The Sunday Leader

Quo Vadis Tourism?

Tourism is too serious an industry to be left in the hands of amateurs.
Recently the Sri Lanka Tourism Promotion Bureau (S.L.T.P.B.) invited me to attend the relaunch of a hotel down south.
It was mentioned that the departure to the destination would be from the S.L.T.P.B. office in Colombo at 2.30 p.m. last Saturday by bus.
I arrived at the destination five minutes late, there was no one else to be seen, other than the security, who appeared to be unaware of the event, with one security officer in particular, whose body language did not convey the message of “welcome” to a visitor.
I then called Ms. Asheyra Mendis, S.L.T.P.B.’s Media Coordinator, who sent me the invitation.
She said that there was a change of schedule and that the bus had left at 9.30 a.m., instead of 2.30 p.m.
She further said that those who confirmed their presence were informed of the change of time.
I said I confirmed my presence, but was not informed of the change of time. Mendis was apologetic.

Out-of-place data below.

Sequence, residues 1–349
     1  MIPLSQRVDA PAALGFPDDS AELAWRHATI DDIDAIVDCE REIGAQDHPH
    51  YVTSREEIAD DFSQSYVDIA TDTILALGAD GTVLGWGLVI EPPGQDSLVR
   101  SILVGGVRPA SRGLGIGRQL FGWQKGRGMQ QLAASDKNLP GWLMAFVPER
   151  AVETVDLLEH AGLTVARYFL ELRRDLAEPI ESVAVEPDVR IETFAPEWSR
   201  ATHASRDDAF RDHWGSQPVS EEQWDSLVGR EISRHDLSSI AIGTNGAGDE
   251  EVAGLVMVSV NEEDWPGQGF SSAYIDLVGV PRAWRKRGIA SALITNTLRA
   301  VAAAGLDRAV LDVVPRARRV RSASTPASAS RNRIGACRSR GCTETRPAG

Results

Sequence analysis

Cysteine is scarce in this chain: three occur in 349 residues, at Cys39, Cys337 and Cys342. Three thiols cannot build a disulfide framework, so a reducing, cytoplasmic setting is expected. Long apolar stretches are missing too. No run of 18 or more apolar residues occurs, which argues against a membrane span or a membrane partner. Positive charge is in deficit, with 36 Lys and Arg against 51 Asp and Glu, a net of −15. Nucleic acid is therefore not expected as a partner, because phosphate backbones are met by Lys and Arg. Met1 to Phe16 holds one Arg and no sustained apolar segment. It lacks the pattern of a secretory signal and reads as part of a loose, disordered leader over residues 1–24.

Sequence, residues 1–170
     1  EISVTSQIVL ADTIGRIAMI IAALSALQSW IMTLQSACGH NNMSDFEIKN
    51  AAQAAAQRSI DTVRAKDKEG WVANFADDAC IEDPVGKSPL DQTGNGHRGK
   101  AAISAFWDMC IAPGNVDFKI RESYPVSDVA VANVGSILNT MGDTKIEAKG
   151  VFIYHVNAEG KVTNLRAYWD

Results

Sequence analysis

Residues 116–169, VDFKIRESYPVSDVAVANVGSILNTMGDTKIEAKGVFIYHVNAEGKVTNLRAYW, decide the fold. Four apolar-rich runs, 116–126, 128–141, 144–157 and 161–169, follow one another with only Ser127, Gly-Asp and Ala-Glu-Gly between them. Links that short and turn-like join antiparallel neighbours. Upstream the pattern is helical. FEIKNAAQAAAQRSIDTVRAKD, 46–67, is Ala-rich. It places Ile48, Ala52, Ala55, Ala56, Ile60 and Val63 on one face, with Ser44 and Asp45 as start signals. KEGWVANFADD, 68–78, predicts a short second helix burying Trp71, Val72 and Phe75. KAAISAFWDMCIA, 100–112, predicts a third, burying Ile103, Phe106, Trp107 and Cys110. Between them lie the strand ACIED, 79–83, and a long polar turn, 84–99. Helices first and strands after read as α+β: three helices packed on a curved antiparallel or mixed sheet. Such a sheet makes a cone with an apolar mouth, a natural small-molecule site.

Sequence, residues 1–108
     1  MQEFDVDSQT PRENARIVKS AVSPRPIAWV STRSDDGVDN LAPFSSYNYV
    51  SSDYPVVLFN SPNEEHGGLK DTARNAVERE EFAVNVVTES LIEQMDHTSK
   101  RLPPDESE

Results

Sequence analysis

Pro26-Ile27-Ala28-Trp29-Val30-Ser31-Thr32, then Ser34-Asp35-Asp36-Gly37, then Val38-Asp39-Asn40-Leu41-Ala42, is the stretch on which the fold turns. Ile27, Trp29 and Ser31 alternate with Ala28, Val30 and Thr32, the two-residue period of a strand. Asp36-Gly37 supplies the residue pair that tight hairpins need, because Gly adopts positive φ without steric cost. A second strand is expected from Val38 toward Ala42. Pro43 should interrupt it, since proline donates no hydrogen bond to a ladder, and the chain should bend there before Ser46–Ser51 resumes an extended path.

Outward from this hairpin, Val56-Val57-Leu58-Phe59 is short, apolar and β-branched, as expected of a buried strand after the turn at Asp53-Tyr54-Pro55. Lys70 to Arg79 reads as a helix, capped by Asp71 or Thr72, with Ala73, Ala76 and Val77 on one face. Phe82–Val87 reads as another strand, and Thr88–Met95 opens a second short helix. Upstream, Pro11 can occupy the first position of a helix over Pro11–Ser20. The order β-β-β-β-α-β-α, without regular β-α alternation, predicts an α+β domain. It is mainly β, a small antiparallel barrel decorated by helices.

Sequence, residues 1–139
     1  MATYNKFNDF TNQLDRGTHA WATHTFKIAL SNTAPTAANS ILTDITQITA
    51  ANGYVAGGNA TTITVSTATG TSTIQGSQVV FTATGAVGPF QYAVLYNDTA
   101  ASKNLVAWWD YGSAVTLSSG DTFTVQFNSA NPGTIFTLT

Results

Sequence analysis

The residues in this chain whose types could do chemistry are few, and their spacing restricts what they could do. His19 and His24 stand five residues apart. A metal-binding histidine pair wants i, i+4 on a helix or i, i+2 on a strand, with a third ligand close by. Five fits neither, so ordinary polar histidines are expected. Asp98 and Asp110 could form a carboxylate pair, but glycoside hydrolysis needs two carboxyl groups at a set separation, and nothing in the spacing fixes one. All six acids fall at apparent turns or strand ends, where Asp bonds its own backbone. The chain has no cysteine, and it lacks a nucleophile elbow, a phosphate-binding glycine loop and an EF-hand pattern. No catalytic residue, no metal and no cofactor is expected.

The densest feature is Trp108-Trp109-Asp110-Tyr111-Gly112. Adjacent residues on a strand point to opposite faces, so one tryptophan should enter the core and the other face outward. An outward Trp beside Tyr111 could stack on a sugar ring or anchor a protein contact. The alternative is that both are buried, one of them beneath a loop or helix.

But something is not clicking at the S.L.T.P.B. I noticed a change for the worse, even the other day at the Bureau.
I together with other reporters were recently invited to the S.L.T.P.B. to be taken from there, to the Colombo Port, to cover the virginal arrival of a cruise liner.
The male receptionist who “greeted” me at the entrance was not the friendliest of persons. However, I was told that his presence was only temporary.
Nevertheless, this took me back to some 27 years ago, during the time when the now defunct Tourist Board was functioning.
There were two foreigners who wanted some information, and I took them to the Board for clarification. We were greeted on arrival by two pretty and smiling receptionists. Their Queen’s English may not have had been the best, but I believe those foreigners got the information they wanted.
Perhaps, the 26 year long war may have had made the S.L.T.P.B. rusty; perhaps, having had three ministers in as many months may have had demoralized the staff, but then, this is too vital an industry, having the potential to be Sri Lanka’s number one foreign exchange earner, now that the war is over, which cannot afford to have the front office of this apex tourism body be manned by nonchalant security, a not so friendly receptionist and a seemingly amateurish media outfit.
An attitudinal change among its front office staff, the first contact a tourist makes, is the need of the hour. First impressions count.

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